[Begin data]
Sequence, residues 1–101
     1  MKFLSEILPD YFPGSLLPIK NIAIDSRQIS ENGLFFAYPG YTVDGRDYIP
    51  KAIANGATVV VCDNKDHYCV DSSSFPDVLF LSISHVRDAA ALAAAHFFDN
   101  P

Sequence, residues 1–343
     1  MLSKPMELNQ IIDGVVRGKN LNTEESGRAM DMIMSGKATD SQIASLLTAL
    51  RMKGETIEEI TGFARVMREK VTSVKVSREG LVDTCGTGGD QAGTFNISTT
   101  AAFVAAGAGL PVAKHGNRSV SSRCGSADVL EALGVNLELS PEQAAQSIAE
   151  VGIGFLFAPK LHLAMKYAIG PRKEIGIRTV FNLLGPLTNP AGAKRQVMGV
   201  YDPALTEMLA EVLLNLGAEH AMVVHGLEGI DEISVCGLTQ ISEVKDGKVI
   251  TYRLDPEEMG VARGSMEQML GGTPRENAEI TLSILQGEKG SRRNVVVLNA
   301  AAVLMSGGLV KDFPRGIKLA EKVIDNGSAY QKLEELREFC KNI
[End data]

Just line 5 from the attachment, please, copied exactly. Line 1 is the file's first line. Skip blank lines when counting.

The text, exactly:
Sequence, residues 1–343